OBJECTIVE: To explore clinicians' attitudes and beliefs about physical activity and exercise therapy as treatment for individuals with knee and/or hip osteoarthritis (OA).
METHOD: This was a scoping review, mapping available knowledge about the topic derived from qualitative research designs and methods. A comprehensive search of selected databases (MEDLINE, EMBASE; CINAHL; Web of Science) was conducted and data were analysed thematically.
RESULTS: Twelve articles met inclusion criteria. Thematic analysis identified three interrelated main themes: 1) Understandings of OA and its trajectory and management; 2) Attitudes to activity and exercise as part of OA management; 3) Clinicians' perceived knowledge of and expertise in OA management. Findings highlight that many clinicians involved in knee/hip OA management, particularly general practitioners and physiotherapists, perceive OA to be a low priority 'wear-and-tear' disease with expected progression of symptoms, making joint replacement surgery eventually inevitable. Further, many clinicians appear to lack knowledge about and interest in physical activity and exercise therapy in the management of knee/hip OA, and seem to show uncertainty about the effectiveness and safety of physical activity and exercise therapy on joint health.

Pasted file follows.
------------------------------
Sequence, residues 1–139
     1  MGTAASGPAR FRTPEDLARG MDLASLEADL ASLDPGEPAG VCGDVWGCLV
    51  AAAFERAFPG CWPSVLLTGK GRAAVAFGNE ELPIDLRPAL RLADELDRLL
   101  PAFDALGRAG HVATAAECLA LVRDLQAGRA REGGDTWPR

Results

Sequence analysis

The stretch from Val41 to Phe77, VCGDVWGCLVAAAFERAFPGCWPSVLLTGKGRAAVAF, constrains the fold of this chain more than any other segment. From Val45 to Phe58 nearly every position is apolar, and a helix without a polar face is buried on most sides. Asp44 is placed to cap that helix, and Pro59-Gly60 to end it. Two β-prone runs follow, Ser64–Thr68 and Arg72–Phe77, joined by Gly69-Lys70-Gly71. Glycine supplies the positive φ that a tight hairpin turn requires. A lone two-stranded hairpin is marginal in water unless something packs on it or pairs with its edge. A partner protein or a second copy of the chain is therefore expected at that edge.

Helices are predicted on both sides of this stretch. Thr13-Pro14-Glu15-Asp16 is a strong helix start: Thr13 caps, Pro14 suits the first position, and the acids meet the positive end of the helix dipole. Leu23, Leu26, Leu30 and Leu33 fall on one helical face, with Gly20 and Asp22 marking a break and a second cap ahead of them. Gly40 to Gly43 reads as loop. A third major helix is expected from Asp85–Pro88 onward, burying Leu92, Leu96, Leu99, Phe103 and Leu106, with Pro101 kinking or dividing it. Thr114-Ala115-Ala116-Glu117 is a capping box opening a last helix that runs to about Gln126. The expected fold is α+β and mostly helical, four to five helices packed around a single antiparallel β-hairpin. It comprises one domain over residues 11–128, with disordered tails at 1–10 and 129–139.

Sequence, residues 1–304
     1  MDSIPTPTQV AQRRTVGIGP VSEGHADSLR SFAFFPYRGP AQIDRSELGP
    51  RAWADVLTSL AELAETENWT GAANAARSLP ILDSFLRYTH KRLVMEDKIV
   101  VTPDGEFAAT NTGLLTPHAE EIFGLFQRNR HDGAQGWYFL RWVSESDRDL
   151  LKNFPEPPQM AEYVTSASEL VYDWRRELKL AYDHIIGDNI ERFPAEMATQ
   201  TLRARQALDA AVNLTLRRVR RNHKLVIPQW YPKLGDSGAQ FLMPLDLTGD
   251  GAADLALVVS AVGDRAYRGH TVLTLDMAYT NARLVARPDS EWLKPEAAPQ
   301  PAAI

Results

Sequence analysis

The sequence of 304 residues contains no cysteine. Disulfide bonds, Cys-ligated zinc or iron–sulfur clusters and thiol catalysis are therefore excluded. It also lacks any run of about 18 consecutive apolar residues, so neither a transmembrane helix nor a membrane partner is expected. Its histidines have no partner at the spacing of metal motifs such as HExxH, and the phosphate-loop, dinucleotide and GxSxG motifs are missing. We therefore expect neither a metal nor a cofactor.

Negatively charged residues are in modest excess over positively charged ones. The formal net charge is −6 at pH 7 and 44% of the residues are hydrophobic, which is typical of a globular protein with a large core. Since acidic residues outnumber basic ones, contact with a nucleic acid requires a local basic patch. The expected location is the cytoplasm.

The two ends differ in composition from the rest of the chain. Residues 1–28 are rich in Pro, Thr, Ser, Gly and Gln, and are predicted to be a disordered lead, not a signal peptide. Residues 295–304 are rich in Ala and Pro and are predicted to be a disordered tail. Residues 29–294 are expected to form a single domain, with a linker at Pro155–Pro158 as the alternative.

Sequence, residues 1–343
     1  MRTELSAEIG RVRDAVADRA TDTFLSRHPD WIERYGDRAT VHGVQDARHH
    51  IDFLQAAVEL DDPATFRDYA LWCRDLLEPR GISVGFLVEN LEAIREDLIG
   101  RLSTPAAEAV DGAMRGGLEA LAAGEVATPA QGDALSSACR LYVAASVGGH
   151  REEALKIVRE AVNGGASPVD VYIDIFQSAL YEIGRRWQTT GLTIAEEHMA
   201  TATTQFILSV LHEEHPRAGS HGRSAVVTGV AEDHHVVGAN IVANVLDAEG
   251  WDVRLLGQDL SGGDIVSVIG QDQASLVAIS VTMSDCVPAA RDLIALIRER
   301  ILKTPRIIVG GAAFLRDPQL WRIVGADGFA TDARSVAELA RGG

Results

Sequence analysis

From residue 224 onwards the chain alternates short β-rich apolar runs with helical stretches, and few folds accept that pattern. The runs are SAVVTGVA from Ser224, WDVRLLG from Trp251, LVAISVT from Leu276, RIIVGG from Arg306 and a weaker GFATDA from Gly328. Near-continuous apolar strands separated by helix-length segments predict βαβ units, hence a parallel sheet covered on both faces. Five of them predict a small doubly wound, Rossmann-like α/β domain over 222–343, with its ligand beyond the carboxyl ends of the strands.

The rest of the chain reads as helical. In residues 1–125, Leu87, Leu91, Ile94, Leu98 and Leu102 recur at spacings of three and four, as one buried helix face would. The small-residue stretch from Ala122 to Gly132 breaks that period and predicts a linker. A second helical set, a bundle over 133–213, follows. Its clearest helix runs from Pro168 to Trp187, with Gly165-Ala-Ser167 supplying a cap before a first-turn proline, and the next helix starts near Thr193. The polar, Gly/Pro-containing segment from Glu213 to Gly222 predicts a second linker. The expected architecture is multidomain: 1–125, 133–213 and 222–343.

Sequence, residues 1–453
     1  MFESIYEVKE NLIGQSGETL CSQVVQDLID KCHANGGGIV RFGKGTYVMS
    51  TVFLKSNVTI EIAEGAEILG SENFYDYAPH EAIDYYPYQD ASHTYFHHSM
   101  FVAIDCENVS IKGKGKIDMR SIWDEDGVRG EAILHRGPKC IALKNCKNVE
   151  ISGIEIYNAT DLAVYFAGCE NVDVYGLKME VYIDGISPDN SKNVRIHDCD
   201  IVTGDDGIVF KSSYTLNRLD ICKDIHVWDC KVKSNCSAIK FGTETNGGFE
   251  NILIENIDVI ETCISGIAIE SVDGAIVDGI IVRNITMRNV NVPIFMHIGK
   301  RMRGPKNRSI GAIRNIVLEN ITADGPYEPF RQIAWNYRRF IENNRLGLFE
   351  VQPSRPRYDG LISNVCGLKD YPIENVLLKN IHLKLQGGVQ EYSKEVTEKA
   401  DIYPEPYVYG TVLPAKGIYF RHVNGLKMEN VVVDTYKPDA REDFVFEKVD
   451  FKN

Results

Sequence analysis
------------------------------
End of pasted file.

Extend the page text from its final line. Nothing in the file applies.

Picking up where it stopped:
CONCLUSION: Clinicians' attitudes and beliefs about physical activity and exercise therapy in OA seem to reflect an outdated narrative which describes OA as a wear-and-tear disease with inevitable disease progression to joint replacement surgery. Clinicians need to adopt a contemporary narrative, which accurately reflects current knowledge and evidence-based practice, thereby ensuring consistent utilisation of exercise therapy as first-line care as recommended in OA guidelines.